Rare biblical ‘balsam tree’ found depicted on 2000-year-old amethyst seal

The small lilac stone, featuring the engraving of a bird and a branch with five fruits, had fallen into the main drainage channel of Jerusalem from the Second Temple period.

 Amethyst stone depicting balsam tree.  (photo credit: ELIYAHU YANAI/CITY OF DAVID)
Amethyst stone depicting balsam tree.
(photo credit: ELIYAHU YANAI/CITY OF DAVID)

In the last decades before the destruction of the Second Temple, someone – a Jew, possibly a pilgrim – walked on the imposing road that connected the Shiloah Pool at the outskirts of Jerusalem with the Temple Mount.

For the important occasion, he wore his most precious clothes and ornaments, including a delicate ring bearing an engraved lilac amethyst stone. But in the crowd, the ring broke, the stone slipped on the floor and then into the underground drainage channel.

Some 2,000 years later, the tiny artifact was retrieved by volunteers sifting through soil dug during an archaeological excavation in the area.

After examining it, the experts found an additional surprise: The iridescent stone probably features the first-ever known depiction of a plant prominently mentioned in the Bible, as well as in later Jewish and historical sources, as the City of David, the Antiquities Authority and the Israel Nature and Parks Authority (INPA) said Thursday in a joint statement.

Known as “balm of Gilead” (tzori in Hebrew), balsam tree (nataf) or “persimmon” later in the Mishnaic period, the plant, whose modern scientific name is commiphora gileadensis, was used to produce perfumes, incense and medicines.

 A building on the Pilgrimage Road in the City of David. (credit: KOBY HARATI/CITY OF DAVID) A building on the Pilgrimage Road in the City of David. (credit: KOBY HARATI/CITY OF DAVID)

The elongated branch bearing five fruits engraved on the stone caught the experts’ attention because it appeared to be something different from any other species ever found portrayed on seals from the time.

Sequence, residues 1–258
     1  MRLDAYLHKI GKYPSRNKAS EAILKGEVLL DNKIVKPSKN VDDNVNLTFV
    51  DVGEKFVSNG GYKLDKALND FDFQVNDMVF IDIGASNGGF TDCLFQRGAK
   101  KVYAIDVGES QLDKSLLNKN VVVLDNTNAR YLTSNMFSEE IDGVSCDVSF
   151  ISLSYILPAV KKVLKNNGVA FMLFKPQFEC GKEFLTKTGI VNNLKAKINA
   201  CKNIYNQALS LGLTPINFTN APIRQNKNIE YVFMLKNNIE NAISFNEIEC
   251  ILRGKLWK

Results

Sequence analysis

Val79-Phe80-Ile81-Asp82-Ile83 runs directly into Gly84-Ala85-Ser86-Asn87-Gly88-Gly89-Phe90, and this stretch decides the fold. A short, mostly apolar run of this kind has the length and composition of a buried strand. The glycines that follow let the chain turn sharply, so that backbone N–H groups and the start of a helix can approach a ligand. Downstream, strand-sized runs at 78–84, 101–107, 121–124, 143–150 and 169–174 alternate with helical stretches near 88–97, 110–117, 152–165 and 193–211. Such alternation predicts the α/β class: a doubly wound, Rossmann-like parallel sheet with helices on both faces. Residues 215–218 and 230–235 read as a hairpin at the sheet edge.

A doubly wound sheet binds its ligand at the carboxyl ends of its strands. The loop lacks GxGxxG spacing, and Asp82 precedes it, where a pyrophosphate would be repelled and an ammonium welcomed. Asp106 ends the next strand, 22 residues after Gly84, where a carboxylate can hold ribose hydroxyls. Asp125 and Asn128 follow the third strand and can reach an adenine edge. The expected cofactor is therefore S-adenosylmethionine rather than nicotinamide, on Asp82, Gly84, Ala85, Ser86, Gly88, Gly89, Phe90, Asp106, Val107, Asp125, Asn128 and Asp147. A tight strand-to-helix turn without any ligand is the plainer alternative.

“Toward the end of the Second Temple period, the use of stone stamps expanded and became more common,” said Prof. Shua Amorai-Stark, an expert in engraved gems. “But in most stamps discovered so far with plant engravings, it is common to find plants that were common in Israel at the time: vines, dates and olives, which are among the seven species. But on this stone seal, we immediately noticed that the fruit that appears on it is unlike any of the fruits we have encountered to date.”

In Genesis, when Jacob’s sons sit for their meal after throwing their brother Joseph into a pit, they decide to sell him into slavery after seeing “a caravan of Ishmaelites coming from Gilead, their camels bearing gum, balm and ladanum to be taken to Egypt.”

Later on, in Exodus, the species is included by God in the ingredients for the Temple incense.

“The Eternal said to Moses: ‘They shall bring to you fragrant spices, sap of a balsam tree, onycha, galbanum, and other fragrant spices with pure frankincense. Each of them shall be of the same weight, and make of it incense, a perfume after the art of the perfumer, mixed together, pure and holy,” read two verses in the 30th chapter.

The balm of Gilead was also known to be a component of the favorite perfume of Cleopatra, the legendary queen of Egypt.

“This is an important find because it may be the first time a seal has been discovered in the entire world with an engraving of the precious and famous plant, which until now we could only read about in historical descriptions,” said archaeologist Eli Shukron, who conducted the excavation at the foundations of the Western Wall on behalf of the IAA and the City of David.

The seal was found by participants in the “Archaeological Experience” project, supported by the City of David and the INPA, at Emek Tzurim National Park.

The oval stone, approximately 10 mm. long and five mm. wide, also features a bird, probably a dove.

Both the tree and the dove embodied good fortune and success, the experts said.

“The balsam plant is a positive symbol because, beyond the fact that it was used to produce perfumes and medicines, the ancient persimmon – which, by the way, is not at all similar to today’s persimmon – was attributed magical and ceremonial properties and is one of the ingredients used for making the Temple incense during the Second Temple period, which is when this seal was made,” Shukron said.

“The dove is also a positive motif in the Hellenistic, Roman and Jewish world,” Amorai-Stark said. “It symbolizes wealth, happiness, goodness and success.”

The owner of the ring was likely a wealthy person, he added.

“The production and trade that took place around the persimmon plant were tightly controlled at the time by Jews living in the Dead Sea basin, where the fruit was grown,” Amorai-Stark said. “I guess the owner of the seal was a man who owned a persimmon orchard, and when he came to the craftsman who made the ring for him, it is possible he may have brought a branch of persimmon so that the craftsman knew what to carve on the stone.”